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Amoeba agriculture

Some slime molds transport and farm the bacteria they eat

Humans, ants and numerous other species farm their food, but no microoganism has been shown to participate in agriculture, until now. For the first time, researchers have discovered that a species of social amoeba -- a slime mold -- carries, seeds, and harvests a crop of their bacterial diet, researchers report in this week's issue of Nature.

When soil-dwelling Dictyostelium discoideum amoebas run out of nearby bacteria to eat, the social organisms group together into slugs -- conglomerations of 100,000 individuals -- and inch along to a new location. There, they produce a fruiting body filled with spores that are released to take up residence in different, hopefully more productive environments.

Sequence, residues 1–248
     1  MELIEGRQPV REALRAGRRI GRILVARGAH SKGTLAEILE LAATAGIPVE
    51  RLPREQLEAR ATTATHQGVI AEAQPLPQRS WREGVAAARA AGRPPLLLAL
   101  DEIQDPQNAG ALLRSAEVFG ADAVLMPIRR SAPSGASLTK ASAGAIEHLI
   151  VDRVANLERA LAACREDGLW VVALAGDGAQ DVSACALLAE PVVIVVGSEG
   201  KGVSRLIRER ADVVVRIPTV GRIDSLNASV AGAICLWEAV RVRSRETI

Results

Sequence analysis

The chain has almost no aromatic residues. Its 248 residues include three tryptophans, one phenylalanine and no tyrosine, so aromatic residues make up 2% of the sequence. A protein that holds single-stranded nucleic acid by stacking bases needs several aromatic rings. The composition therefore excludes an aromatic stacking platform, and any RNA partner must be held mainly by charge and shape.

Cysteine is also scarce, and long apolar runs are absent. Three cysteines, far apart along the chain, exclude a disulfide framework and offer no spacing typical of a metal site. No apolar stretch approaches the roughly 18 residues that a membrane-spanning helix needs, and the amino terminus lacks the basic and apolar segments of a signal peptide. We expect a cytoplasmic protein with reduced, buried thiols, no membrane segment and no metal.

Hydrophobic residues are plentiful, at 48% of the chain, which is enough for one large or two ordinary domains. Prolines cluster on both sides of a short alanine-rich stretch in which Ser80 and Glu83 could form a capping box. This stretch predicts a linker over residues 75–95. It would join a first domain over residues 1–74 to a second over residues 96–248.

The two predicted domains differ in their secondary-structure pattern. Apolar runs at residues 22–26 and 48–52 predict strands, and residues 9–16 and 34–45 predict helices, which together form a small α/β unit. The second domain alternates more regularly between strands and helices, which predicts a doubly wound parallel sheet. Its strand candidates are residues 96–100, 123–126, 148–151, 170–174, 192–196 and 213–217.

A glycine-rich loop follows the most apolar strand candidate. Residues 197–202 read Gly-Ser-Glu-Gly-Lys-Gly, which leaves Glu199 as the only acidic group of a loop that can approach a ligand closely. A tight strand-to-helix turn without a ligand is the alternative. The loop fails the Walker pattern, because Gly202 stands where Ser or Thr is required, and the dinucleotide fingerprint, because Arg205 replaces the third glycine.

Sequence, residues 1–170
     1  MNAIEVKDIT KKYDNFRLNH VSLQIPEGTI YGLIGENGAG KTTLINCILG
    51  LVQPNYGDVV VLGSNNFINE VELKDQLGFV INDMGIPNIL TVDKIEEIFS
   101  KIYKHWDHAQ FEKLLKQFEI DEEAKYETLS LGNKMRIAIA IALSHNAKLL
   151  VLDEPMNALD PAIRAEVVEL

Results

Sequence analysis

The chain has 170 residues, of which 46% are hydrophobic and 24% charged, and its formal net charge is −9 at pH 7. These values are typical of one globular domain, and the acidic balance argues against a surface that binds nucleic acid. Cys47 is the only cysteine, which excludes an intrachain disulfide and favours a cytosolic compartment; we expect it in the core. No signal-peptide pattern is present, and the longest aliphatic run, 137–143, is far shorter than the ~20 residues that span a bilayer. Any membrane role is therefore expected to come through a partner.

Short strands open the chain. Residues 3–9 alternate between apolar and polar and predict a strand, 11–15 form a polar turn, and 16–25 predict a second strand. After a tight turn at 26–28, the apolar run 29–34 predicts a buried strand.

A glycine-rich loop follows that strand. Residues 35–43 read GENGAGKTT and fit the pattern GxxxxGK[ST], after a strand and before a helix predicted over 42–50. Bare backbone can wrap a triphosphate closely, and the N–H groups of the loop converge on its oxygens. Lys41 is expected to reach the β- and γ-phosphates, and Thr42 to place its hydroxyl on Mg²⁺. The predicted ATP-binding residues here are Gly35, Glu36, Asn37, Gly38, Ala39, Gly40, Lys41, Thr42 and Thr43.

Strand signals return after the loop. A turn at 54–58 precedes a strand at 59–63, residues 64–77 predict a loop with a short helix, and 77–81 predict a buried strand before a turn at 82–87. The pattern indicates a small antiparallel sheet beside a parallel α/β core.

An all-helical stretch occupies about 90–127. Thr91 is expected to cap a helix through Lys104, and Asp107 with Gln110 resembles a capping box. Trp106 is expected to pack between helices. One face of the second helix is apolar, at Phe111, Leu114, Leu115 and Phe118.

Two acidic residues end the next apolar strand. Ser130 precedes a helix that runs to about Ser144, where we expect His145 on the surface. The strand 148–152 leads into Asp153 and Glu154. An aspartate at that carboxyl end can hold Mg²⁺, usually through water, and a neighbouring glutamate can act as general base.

While collecting D. discoideum fruiting bodies in the wild, Debra Brock of Rice University in Houston, Texas, noticed that some appeared to contain bacteria in addition to spores. Analyzing 35 wild D. discoideum colonies, Brock and colleagues discovered that one-third of the colonies tested did not eat all of the available bacteria in their location, but instead incorporated some of them into their fruiting bodies to seed a new crop of bacteria in a new location. They christened the bacteria-harboring amoebas "farmers." The other two-thirds of the amoebas, though the same species, were "non-farmers" -- they ate all the bacteria in their current location, never transporting any along with the spores of the fruiting bodies.
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